The best over-the-counter medications during pregnancy

Over-the-counter medications aren’t always safe, particularly in pregnancy.

variety of medications on table with woman in bed in background

If you’re considering medications during pregnancy, remember any substance you consume can pass directly to your baby. Know the reasons for taking a medication, its benefits, and possible risks.

You may develop a cold or flu during pregnancy. You might also have a severe headache, pain or other symptoms that require relief with over-the-counter medications.

Over-the-counter refers to medications you can buy at any store without a prescription. They are usually safe and effective without seeking treatment from a health professional. However, some have the potential for harm during pregnancy, and the true risk of others may not be known.

These medications are widely available for purchase. However, you should become familiar with the indications for taking these medications. Check the proper dose in pregnancy, side effects to you and your baby, and possible interaction with prescribed medications.

Make sure your doctor knows about all the medications you take during your pregnancy including any alternative medicines or supplements that might even be considered “natural.” Here is a list of over-the-counter medications that are considered safe in pregnancy:

Prenatal vitamins

The safest over-the-counter medications during pregnancy are prenatal vitamins. They contain iron and folic acid that help prevent anemia and lower the risk of birth defects. They should be taken starting at least six weeks prior to conception. Your doctor will suggest that you continue throughout the pregnancy and until three months after delivery.

Learn more: The ABCs of vitamins in pregnancy


Cetaphil Gentle Skin Cleanser
CeraVe Hydrating Cleanser
Glytone (benzoyl peroxide)


Benadryl (diphenhydramine)
Claritin or Alavert (Loratadine)
Zyrtec (cetirizine)

Cold and flu

Tylenol Cold and Sinus products


Colace (docusate sodium)
Citrucel or Unifiber (methylcellulose)
Fiberall or FiberCon (calcium polycarbophil)
Metamucil (psyllium)
Milk of magnesia (magnesium hydroxide)
ClearLax, MiraLax (polyethylene Glycol)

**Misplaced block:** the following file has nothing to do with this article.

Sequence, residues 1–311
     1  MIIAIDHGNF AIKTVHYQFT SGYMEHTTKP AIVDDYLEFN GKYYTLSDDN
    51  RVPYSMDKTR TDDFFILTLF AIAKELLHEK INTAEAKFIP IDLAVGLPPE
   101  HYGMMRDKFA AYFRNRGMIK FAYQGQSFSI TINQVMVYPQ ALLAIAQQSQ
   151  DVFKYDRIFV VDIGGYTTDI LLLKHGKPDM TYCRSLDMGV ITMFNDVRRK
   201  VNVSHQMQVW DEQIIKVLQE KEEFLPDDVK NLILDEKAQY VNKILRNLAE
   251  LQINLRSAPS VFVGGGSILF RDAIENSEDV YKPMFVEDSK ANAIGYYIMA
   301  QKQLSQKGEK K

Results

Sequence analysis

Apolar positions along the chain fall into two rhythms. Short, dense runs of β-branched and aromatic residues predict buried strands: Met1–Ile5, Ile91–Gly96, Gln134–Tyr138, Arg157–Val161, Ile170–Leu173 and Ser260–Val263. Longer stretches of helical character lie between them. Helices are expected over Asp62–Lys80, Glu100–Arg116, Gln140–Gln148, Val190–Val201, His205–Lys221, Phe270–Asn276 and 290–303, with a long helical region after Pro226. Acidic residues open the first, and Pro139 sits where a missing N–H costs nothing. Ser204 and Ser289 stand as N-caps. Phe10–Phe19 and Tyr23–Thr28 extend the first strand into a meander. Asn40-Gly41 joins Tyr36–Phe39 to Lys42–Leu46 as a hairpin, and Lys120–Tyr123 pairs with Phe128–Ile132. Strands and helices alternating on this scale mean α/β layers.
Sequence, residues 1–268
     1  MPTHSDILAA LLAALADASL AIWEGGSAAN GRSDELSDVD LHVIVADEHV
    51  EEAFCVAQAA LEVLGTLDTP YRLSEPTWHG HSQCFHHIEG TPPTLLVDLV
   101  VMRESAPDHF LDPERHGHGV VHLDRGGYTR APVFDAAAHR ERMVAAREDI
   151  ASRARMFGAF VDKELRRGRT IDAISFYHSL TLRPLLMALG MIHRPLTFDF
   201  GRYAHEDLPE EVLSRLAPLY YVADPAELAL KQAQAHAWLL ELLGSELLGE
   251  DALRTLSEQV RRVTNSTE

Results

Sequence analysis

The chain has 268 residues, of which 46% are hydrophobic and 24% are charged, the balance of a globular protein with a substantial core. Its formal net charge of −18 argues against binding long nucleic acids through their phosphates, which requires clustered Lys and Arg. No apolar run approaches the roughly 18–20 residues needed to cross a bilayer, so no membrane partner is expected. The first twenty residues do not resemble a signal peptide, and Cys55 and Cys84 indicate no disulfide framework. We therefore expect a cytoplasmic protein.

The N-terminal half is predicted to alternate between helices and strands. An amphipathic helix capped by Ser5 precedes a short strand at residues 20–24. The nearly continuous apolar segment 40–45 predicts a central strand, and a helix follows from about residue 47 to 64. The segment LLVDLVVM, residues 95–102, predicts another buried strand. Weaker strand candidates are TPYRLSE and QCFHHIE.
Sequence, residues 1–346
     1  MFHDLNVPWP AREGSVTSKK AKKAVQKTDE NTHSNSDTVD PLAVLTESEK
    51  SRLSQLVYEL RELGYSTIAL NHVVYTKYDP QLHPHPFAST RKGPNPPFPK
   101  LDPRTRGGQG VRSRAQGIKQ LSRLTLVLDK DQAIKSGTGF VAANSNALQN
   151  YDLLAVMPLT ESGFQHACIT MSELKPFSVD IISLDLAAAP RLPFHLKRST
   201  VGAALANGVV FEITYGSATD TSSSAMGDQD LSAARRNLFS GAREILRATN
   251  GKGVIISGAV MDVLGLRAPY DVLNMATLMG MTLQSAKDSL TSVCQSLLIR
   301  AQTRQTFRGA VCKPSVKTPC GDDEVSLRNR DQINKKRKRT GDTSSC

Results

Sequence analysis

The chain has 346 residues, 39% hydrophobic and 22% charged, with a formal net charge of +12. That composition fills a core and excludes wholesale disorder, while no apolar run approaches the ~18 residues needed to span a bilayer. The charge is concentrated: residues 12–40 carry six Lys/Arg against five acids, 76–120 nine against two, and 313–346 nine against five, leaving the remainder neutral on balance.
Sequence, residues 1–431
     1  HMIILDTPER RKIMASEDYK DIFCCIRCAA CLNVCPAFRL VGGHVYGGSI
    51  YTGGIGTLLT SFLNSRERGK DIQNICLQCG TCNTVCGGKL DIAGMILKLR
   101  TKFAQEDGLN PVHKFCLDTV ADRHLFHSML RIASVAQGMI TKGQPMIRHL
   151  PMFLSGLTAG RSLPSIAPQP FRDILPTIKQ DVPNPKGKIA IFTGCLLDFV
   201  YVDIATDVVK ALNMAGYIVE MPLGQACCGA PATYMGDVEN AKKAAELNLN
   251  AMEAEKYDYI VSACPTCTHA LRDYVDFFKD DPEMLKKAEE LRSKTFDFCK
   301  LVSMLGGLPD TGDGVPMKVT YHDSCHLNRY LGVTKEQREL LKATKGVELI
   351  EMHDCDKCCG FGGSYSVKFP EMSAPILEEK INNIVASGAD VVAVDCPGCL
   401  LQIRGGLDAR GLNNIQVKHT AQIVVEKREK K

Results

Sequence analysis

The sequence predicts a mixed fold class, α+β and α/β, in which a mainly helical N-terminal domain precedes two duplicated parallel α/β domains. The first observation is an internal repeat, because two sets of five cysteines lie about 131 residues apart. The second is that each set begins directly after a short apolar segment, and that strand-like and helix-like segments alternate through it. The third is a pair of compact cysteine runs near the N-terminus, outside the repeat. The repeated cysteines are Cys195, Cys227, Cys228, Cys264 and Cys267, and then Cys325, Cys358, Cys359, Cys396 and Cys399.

High-fiber diet


Dextromethorphan (cough suppression)
Robitussin Maximum Strength Cough
Benylin Adult
Vicks 44 Cough Relief
Cough drops
Vicks VapoRub
Mucinex (guaifenesin, removes mucus from lungs)


Maalox anti-diarrhea (loperamide)

First-aid treatment

J&J First-Aid Cream

Gas pain and bloating

Maalox Anti-gas
Mylanta Gas


Maalox, Mylanta, Rolaids, Tums (calcium carbonate)
Maalox or Mylanta Liquid (aluminum hydrozide, simethicone)
Pepcid AC (famotidine)
Zantac (ranitidine)


Anusol-HC (hydrocortisone)
Preparation H (phenylephrine, pramozine, glycerin, petrolatum)
Tucks pads


Unisom SleepTabs (doxylamine succinate)
Tylenol PM (acetaminophen, diphenhydramine)
Benadryl 25-50 mg


Hydrocortisone—Cortaid, Lanacort

Nausea, vomiting, motion sickness

Dramamine (dimenhydrinate)
Ginger root (ginger) 250 mg 4 times a day
Vitamin B6, 50 mg twice a day
Unisom SleepTabs (doxylamine succinate)

Pain relief and fever

Tylenol (acetaminophen), 650-1,000 mg every 4 hours as needed. Do not take more than 4,000 mg in 24 hours


Benadryl cream
Caladryl Clear lotion (pramoxine, zinc acetate)
Calamine lotion (calamine, zinc oxide)
Cortaid 1% (hydrocortisone)
Aveeno Soothing Bath Treatment (colloidal oatmeal)

Sinus congestion

Tavist Allergy, 1 tab every 12 hours
Benadryl 25-50 mg every 4-6 hours
Sudafed (pseudoephedrine) 1 tab every 4-6 hours after 12 weeks gestation
Claritin 10 mg daily
Zyrtec 10 mg daily
Clor-Trimetron (chlorpheniramine)

Sore throat

Cepacol Maximum Strength sore throat spray or Sucrets (dyclonine hydrochloride)
Chloraseptic lozenges (benzocaine) or spray (phenol)
Halls or Robitussin lozenges (menthol)
Vicks Lozenges with honey (dextromethorphan hydrobromide)

Vaginal yeast infection

Gynazole-1 (butoconazole)
Gyne-Lotrimin (clotrimazole)
Monistat-7 vaginal cream (miconazole)

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Posted In Health Information, Pregnancy, Women's

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